The GT is the most un-McLaren McLaren ever
Being too focused, while bad for people, is generally a good thing for cars. Primarily because it leaves people in no doubt what your cars stand for, and which makes branding a far easier exercise.
On the downside, this means while your products hold great appeal for a certain sort of buyer, they might have little to no appeal for anyone outside of that small circle. This brings us to the McLaren GT.
You will no doubt know that McLarens are built for and by people who make a huge deal of lightweight construction and driving pleasure. Which probably explains why it’s taken McLaren so long to come up with the GT.
Of course, you could point to how McLaren already had a softer option in the lineup a few years prior with the 570GT, which was heavily based on the 570S, but the GT – no numeric monikers here, just the GT – is very much its own thing. Though it is somewhat related to the 720S, the British manufacturer’s flagship, non-limited supercar.
Anyway, what the GT is, as its name suggests is a Grand Tourer. You know, the sort of languid, continent-crushing cruise missile that stands quite at odds with the McLaren ethos of red-eyed race track thrills.
To that end, McLaren says the GT is its most daily-driver-friendly creation yet, with the most ground clearance, softer suspension and yes, even easy entry/exit with heavy scalloping on the door sills. A glass hatchback also provides access to a 420-litre boot (lined if you so option it, with a space-age high-tech non-slip microfibre material), with an additional 150 litres under the bonnet in front.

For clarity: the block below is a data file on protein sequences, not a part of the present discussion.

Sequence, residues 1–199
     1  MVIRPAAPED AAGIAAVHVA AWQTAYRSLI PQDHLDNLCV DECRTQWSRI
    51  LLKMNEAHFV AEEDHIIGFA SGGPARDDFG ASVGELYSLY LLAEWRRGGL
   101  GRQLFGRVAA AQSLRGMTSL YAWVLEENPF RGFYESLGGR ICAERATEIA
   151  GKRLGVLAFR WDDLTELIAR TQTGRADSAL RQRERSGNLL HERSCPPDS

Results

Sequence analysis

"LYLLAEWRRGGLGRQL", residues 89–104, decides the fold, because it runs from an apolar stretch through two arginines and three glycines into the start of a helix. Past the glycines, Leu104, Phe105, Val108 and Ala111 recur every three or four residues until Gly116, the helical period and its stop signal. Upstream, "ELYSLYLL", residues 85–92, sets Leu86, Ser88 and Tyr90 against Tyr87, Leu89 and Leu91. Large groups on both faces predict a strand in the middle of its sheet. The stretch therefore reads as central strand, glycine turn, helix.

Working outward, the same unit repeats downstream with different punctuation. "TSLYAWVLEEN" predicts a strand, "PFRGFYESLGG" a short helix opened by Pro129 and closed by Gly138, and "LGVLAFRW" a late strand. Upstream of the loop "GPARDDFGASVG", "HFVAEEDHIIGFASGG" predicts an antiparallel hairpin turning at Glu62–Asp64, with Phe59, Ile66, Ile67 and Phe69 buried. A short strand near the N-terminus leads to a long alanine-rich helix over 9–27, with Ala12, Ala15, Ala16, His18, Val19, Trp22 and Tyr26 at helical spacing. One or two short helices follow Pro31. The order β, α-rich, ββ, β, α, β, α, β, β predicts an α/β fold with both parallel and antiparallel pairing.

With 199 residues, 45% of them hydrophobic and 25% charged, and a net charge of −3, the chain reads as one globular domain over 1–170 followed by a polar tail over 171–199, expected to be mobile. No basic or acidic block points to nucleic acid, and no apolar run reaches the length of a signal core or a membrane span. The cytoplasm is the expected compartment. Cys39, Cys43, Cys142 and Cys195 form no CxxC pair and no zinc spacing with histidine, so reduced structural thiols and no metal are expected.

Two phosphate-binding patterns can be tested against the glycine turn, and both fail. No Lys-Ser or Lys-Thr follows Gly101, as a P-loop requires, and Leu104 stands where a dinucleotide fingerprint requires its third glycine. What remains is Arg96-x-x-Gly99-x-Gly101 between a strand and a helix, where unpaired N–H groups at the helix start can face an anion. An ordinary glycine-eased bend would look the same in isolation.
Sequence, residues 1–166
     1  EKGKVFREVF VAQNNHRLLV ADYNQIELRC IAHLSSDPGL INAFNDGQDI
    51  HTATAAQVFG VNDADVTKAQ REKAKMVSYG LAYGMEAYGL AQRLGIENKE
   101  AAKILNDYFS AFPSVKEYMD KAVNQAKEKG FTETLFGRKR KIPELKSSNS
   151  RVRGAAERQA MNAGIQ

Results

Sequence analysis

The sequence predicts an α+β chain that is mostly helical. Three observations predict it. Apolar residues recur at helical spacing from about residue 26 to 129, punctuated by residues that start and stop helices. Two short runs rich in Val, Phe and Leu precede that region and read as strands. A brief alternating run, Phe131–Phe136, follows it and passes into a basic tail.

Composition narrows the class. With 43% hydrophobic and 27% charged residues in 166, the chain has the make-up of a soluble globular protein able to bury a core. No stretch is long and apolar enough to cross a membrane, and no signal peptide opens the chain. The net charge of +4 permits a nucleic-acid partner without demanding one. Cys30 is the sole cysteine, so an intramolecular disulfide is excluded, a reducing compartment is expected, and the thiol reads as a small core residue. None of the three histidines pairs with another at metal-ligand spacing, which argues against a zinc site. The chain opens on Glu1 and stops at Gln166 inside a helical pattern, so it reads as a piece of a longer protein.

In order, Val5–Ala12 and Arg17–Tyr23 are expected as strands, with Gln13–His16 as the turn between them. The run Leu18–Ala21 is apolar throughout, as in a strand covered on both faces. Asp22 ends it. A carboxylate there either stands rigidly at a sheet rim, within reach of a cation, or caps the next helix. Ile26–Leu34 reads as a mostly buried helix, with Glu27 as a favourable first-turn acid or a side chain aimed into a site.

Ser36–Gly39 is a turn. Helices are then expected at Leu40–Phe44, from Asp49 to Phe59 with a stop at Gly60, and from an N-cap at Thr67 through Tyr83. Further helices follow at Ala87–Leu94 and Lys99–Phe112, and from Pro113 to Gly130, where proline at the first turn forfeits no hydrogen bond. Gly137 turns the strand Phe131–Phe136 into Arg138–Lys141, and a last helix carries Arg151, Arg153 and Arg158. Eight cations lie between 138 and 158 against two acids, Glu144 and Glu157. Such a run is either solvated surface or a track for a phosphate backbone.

This claim does hold up… but only in comparison to other McLarens. Against other McLarens, it pitches a touch more in corners, its steering is tuned more for high-speed stability than cornering accuracy and its gearbox has longer ratios, blunting acceleration, but improving its top-end ability. The GT is also the heaviest McLaren on sale today, tipping the scales at 1,530kg, 100kg more than the 720S.
But against its competitors, the GT is battle axe-sharp. A 1.5-tonne kerb weight counts as next to nothing, its controls still require you to be firm of hand and foot, the note of its 620hp, twin-turbo V8 is a constant presence in your ears, and it still rips through corners with the sort of grace you’d expect from a McLaren.
Depending on your point of view, the McLaren GT is either a grand tourer that’s too hardcore, or a McLaren that’s too soft. But whatever it is, the GT is a unique proposition among its peers – a sports car that doesn’t give up too much sportiness in the pursuit of long-distance touring ability. Which, if you think about it, is exactly what a good grand tourer should be.
PRICE: $859,000 (excluding COE, excluding options)
GO: The lightest, best-handling grand tourer around
NO GO: Could be still too hardcore for some